Money is an essential in our lives. It may be a necessary evil: “For the love of money is the root of all evil;…” (I Timothy 6:10 [KJV]) Regardless of its power for evil or good, we need a medium of exchange to reward our work and to pay for our needs and wants. If government could control and monitor the money supply and economic transactions and use that control to regulate our lives, we will no longer be a free people. Hence, we must protect the liberty and privacy of the money supply from government intrusion.
It starts with seemingly innocent things. The beginning of government control of money is the income tax. This was a sea change: Your money is not yours anymore. The government now had a legal right to regulate financial transactions. Now there are money laundering and structuring laws as well as regulations on the bulk importing of money (in the USA Patriot Act) into the United States.
Today many of the monetary transactions are online or electronic. This electronic monetary systems report from the European Central Bank discusses the issue. It has in this chilling paragraph (in Section 4.1) that the issuers of electronic money be “subject to ongoing supervision by a competent authority”. That authority is government. That supervision will be justified by identify theft and related offenses. Identify theft is a great problem. But government is not necessary to prevent it. Governments certainly have a role in punishing fraud. However, the plethora of companies trying to prevent identify theft show that government control of the money supply is not the answer to identity theft.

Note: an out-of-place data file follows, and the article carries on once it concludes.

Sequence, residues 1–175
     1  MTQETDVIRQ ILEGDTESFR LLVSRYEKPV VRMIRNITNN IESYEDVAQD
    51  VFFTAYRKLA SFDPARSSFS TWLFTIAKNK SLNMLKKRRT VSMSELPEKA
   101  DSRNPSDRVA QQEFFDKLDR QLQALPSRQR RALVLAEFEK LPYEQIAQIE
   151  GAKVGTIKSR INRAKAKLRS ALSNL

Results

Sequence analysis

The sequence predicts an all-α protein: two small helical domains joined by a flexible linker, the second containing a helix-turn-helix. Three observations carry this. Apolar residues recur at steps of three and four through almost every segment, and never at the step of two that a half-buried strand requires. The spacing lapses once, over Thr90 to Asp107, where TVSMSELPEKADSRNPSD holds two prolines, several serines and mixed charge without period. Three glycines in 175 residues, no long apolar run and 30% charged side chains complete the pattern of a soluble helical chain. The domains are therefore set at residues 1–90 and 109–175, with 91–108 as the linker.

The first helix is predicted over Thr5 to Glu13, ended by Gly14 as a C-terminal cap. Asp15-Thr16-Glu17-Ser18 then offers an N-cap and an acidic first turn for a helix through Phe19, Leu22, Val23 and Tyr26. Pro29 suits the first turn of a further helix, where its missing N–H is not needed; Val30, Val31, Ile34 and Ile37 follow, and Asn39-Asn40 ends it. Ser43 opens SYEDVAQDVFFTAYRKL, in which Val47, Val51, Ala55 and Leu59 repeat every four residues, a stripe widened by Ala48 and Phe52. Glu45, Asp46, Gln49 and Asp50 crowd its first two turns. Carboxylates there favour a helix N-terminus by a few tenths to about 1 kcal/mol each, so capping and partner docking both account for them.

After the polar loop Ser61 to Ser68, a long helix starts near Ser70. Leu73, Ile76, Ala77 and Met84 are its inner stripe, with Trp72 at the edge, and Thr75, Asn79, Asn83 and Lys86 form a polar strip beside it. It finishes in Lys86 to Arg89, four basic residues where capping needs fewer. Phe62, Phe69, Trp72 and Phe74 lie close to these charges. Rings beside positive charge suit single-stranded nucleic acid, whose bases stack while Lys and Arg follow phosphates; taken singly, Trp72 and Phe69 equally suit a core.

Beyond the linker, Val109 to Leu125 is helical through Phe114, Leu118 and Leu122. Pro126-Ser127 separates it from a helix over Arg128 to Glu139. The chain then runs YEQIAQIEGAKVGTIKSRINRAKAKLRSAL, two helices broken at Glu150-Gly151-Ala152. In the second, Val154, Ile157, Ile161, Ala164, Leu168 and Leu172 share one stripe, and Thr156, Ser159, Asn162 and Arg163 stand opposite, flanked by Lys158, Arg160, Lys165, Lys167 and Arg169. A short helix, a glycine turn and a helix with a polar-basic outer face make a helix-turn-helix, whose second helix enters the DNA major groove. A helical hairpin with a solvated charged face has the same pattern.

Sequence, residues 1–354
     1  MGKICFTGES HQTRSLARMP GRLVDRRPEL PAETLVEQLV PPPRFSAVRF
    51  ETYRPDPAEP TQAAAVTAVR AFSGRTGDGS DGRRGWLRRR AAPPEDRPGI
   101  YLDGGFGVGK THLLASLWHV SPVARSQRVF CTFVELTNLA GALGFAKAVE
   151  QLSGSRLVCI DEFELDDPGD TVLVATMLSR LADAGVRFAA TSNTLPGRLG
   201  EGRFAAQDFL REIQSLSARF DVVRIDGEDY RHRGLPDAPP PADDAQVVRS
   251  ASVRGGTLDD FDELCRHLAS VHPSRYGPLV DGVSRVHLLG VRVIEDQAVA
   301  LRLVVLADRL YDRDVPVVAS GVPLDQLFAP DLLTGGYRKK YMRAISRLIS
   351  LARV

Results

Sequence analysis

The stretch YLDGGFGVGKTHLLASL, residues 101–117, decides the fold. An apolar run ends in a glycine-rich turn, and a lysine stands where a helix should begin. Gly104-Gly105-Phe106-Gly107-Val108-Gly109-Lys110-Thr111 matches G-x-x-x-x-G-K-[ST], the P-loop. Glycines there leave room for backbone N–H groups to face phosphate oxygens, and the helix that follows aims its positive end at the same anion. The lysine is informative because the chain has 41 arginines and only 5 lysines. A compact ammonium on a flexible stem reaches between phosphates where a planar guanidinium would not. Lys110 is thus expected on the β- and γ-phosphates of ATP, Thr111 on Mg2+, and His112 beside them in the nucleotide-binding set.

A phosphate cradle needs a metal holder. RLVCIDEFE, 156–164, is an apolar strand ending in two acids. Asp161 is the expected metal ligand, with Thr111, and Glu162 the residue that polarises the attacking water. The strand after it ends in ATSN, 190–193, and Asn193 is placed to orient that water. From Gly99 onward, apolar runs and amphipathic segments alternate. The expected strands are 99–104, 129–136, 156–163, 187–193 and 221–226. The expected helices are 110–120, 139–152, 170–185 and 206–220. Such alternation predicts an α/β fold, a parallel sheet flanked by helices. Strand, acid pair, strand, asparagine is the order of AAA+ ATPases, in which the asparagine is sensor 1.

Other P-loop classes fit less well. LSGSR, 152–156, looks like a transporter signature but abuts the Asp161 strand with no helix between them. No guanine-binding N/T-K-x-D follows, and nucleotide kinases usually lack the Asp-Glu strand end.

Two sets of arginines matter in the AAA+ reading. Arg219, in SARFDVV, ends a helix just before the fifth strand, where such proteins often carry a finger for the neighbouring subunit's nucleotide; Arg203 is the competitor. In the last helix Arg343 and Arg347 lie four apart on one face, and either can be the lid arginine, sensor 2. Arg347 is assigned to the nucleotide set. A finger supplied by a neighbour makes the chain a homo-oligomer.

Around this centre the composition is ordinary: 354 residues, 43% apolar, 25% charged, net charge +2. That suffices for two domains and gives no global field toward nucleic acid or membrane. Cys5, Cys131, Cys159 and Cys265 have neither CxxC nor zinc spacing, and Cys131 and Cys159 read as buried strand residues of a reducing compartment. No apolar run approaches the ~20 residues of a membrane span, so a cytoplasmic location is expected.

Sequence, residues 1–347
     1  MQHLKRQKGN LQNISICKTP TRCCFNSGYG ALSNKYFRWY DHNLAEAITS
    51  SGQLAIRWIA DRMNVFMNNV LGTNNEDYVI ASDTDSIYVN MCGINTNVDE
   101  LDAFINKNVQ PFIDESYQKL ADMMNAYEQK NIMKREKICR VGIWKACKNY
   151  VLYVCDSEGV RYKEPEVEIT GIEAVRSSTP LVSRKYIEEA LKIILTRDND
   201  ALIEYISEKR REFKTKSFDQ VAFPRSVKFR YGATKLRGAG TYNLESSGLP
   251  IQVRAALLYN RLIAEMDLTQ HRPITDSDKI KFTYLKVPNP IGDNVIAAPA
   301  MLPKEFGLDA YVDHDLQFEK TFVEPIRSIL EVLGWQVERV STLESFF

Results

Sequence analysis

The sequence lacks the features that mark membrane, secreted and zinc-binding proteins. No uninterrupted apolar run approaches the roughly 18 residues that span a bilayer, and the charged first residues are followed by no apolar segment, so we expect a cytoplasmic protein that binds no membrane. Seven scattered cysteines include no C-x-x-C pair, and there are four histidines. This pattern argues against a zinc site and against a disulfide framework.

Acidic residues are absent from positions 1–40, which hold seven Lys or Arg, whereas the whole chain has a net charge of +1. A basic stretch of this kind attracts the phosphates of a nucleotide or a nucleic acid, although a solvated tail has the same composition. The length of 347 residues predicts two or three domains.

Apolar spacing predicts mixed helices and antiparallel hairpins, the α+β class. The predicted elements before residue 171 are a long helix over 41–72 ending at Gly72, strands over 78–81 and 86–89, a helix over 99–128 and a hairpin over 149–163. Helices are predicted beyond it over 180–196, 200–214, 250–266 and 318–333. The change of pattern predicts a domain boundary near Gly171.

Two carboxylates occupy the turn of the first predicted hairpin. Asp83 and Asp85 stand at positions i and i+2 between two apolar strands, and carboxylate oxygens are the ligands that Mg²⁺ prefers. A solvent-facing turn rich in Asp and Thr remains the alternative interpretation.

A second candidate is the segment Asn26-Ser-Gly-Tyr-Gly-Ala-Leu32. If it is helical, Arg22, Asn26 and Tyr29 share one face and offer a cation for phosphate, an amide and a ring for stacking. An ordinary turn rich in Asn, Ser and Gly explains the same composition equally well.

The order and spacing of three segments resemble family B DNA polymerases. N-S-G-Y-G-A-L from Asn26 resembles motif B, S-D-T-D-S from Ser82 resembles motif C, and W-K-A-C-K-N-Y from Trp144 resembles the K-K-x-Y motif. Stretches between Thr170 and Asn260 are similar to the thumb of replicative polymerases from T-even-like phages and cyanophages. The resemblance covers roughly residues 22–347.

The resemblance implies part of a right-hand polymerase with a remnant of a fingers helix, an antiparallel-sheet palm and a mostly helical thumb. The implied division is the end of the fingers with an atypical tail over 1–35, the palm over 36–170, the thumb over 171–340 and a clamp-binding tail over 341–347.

Senators Schumer and Graham recently proposed a biometric ID card for all legal workers in the United States. The biometric feature is being considered internationally as evidenced by this from the report by the International Organization for Standardization:
Biometrics is increasingly considered as a reliable means of identification. It includes technologies such as finger image, voice identification, eye scan and facial image. Its advantage and appeal lies in its convenience and ease of use, its level of apparent security, performance and non-invasiveness.
The combination of the national/international ID card and electronic monetary system is a recipe for government control of the money supply and thus control of the people.
Nearly 2000 years ago, these words were penned on a obscure Greek island. Many (including this writer) believe they are the inspired Word of God. These words speak to a future time bereft of economic liberty:
“And he causeth all, both small and great, rich and poor, free and bond, to receive a mark in their right hand or in their foreheads: And that no man might buy or sell, save that he that had the mark…” Revelation 13: 16-17 (KJV)
It’s better that a few bad guys get away than that all lose our liberty. This is no excuse for not paying taxes or reporting income but we must find legal ways to fight for liberty in monetary transactions.
This post is an entry in the blog contest responding to the new book, New Threats to Freedom edited by Adam Bellow. The contest is open to all and further information can be found here.